by Jordi Duró
The name Sister Mary Corita Kent does not appear very often on books about graphic design, but it recently seems to be retrieving the importance it deserves. Monographs such as Come Alive! The Spirited Art of Sister Corita and this year’s retrospective at the Andy Warhol Museum are starting to give her her due. Her impact was felt on religious art for years and today her unusual use of typography still appears as fresh.
Corita was one of the main figures to predict the emergence of pop. She appeared on the cover of many magazines and was the author of works as flashy as post stamps. Her brilliant silk-screen printings evolved from an expressionistic style full of Biblical symbolism to typographic compositions with slogans directly extracted from billboards, supermarket packaging or gas station marquees. She found her own voice by combining the language of advertising –both verbal and visual– with a cheap reproduction means. She liked to define herself as a “printmaker”: “[silk-screen printing] is a very democratic medium… I like the distribution of such screens in people’s working places and I hope they give them energy… and bring more joy to their lives”.
Corita taught at, and even directed, the Art Department of the Immaculate Heart College in Los Angeles, where she had studied. She was immersed in early sixties California: Case Study Houses, the most acid Hollywood, Barris’ Kustom cars and what Tom Wolfe described as Boomerang Modern: giant neon signs and billboards. In that context of modernity, a nun managed to attract the likes of Buckminster Fuller, Saul Bass, the Eames, Billy Wilder, Hitchcock or Jean Renoir to her class to give lectures. The contrast between her two worlds was disconcerting for all those who received her invitations. An example of the mutual understanding and agreement she achieved with her invitees is that for years her classroom rules have been attributed to John Cage (Corita’s Rules). The list was an exercise done with her students to which ideas by Cage himself were included. He, like all the other visitors, talked about a fearless nun that even Newsweek described as having “an infectious vitality”.
Despite all that, art critics despised what she did by calling it “Dadá at the convent”. If one reads carefully the bulletin published by the abbesses, The Irregular Bulletin, it’s clear to see that its spirit is purely rebellious and DIY, but with a message far removed from any sense of the absurd, in fact. For example, in one of the corners it appears a cutting, disconnected from all the rest, saying: “If all else fails FOLLOW DIRECTIONS”. That indication could have given way to one of Corita’s silk-screen printings, since out of context brands and slogans acquired a completely new meaning when placed in a religious environment. See for instance the mural she made with the gas station slogan Power up that she placed on an altar. Corita gave extra information as well by copying Walt Whitman paragraphs or Beatles lyrics on to the corners of her prints.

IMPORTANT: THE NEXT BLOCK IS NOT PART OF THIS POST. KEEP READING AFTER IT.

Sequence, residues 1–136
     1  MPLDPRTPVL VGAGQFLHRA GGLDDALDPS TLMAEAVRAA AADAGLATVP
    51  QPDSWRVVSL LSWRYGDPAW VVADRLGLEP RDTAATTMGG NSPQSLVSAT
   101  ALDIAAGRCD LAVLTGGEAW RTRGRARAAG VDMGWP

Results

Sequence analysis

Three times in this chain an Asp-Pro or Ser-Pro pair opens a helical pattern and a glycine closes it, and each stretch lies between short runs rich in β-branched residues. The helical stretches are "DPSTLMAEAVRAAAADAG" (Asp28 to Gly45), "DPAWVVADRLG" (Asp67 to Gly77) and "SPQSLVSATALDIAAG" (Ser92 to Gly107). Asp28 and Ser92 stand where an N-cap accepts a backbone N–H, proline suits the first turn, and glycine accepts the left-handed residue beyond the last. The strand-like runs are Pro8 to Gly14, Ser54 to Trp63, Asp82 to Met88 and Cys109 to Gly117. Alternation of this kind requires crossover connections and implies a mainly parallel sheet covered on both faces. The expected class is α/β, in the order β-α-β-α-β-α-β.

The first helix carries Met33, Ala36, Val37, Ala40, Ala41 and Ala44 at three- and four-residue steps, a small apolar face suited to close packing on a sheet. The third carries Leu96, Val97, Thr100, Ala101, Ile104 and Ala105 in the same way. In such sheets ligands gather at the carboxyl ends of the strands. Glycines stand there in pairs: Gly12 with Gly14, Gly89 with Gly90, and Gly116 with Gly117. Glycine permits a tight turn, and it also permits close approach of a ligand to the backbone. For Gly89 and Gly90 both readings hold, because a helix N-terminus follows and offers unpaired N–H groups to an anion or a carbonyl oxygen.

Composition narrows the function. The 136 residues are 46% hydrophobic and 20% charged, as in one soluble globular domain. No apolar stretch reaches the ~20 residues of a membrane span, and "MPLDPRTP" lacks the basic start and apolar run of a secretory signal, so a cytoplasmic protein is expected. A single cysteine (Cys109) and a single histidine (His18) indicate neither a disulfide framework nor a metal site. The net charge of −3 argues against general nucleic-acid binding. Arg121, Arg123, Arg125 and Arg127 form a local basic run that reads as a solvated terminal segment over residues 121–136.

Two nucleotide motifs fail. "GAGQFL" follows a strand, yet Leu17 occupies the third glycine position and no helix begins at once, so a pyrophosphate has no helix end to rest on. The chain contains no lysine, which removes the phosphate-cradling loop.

The viewer found complicity in the way she saw hidden signs in commercial messages: re-read, the name of the bread brand Wonderbread acquires a profound mysticism. Sunkist (“sun kissed”) reminds us of psalms. Corita makes us see images a different way by granting them new meanings. Like in Open Wide, where she gives signs a different sense and leaves the door open to continue observing the world with different eyes, looking for second interpretations. That is her strength at her most pop.
Her work became more and more politicised. She started attending demonstrations against the Vietnam War and became a nuisance for the church. She retired from teaching because she felt her public persona was gaining too much prominence over her students. In the end, she left the convent and got married soon after. She kept on working… but her works never managed to convey the same power they did when her job and her figure presented an almost irreconcilable contrast. Those silk-screen prints still resonate today, fresh in their contradiction.